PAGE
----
When we visited Iceland in 1997, we rented a car and did some exploring of the area around its capital, Reykjavik. The picture shows the kind of thermal activity we encountered and it made me aware once more that underneath the Earth’s crust is a layer of molten rock that is about 9000 Celsius. Usually that crust is from 30 km (20 mi) to 50 km (30 mi) thick but under western Iceland it is much thinner and responsible for the thermal pools and steaming cracks. The people of Iceland take full advantage of the available heat by extracting the geothermal energy for warming greenhouses, producing electricity and heating their homes.
Even with the thick crust we have under us, there is plenty of geothermal energy available because the deeper you go in the ground, the warmer the temperature gets. Where we live, if you only go down 6 feet the ground temperature is a constant 70 C [44.60 F] summer or winter.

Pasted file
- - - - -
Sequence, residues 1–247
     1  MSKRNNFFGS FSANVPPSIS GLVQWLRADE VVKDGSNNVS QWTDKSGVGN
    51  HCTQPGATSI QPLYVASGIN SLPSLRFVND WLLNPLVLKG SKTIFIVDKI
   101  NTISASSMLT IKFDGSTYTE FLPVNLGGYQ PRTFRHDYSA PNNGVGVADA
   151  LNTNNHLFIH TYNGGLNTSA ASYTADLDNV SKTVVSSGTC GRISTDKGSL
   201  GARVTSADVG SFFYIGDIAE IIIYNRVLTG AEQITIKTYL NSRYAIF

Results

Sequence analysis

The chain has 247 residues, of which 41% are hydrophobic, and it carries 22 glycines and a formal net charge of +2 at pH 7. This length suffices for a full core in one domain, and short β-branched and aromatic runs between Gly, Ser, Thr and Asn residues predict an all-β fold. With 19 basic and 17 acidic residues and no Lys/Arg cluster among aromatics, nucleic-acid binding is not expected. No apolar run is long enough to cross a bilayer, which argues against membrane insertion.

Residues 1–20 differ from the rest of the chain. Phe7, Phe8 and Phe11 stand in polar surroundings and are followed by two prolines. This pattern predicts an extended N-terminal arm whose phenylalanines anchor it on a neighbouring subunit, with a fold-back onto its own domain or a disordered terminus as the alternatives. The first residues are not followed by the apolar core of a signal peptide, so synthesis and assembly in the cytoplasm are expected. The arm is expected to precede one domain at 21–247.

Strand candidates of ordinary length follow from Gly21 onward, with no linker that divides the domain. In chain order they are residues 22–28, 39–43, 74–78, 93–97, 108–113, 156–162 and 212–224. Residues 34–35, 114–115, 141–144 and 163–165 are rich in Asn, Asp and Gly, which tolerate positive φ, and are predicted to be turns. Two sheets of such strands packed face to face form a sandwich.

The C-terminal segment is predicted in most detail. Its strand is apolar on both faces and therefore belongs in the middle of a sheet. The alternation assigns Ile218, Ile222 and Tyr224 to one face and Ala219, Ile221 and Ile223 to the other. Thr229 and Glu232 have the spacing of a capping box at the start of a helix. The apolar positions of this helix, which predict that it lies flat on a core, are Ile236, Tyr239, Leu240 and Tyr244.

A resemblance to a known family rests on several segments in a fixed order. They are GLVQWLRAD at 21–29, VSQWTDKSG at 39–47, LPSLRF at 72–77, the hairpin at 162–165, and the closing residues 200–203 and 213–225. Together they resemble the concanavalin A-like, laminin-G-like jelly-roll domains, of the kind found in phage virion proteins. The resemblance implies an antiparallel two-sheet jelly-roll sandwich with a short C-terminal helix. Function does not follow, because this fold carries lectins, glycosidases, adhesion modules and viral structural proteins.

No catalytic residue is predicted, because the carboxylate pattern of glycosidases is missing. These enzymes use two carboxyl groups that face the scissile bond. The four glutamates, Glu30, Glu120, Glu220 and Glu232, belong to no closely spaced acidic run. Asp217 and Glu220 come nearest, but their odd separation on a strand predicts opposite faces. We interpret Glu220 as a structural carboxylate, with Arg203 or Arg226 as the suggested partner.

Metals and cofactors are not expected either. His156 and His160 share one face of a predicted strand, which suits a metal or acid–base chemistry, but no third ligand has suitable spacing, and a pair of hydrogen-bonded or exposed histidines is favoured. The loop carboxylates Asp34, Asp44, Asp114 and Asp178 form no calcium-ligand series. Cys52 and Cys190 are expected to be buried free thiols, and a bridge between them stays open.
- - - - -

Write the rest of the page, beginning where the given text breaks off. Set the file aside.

In the summertime when the air is 320 C [900 F] or warmer, the relatively cool ground water can be circulated in coils and air blown over them to cool a house. Fans use little electricity and this system is much more efficient than any air conditioner.
If you live in the country and get water from a well, you can just circulate well water through a refrigeration unit to extract heat but on a serviced city lot, coils of plastic pipe must be laid in trenches as shown on the right. The initial expense of laying the pipe is amply paid back in energy saved. Compared to other alternate forms of ‘green energy’, a geothermal (ground source) heat pump is the most popular because it is so predictable and cost effective.
There is enough energy stored under your house to more than supply its heating and cooling needs. When compared to an electrically heated or cooled home, geothermal heat pumps use less than 1/3 the amount of electrical energy needed to heat your home and savings are much greater than that to cool it. Well worth considering especially if you're building a new house. Rie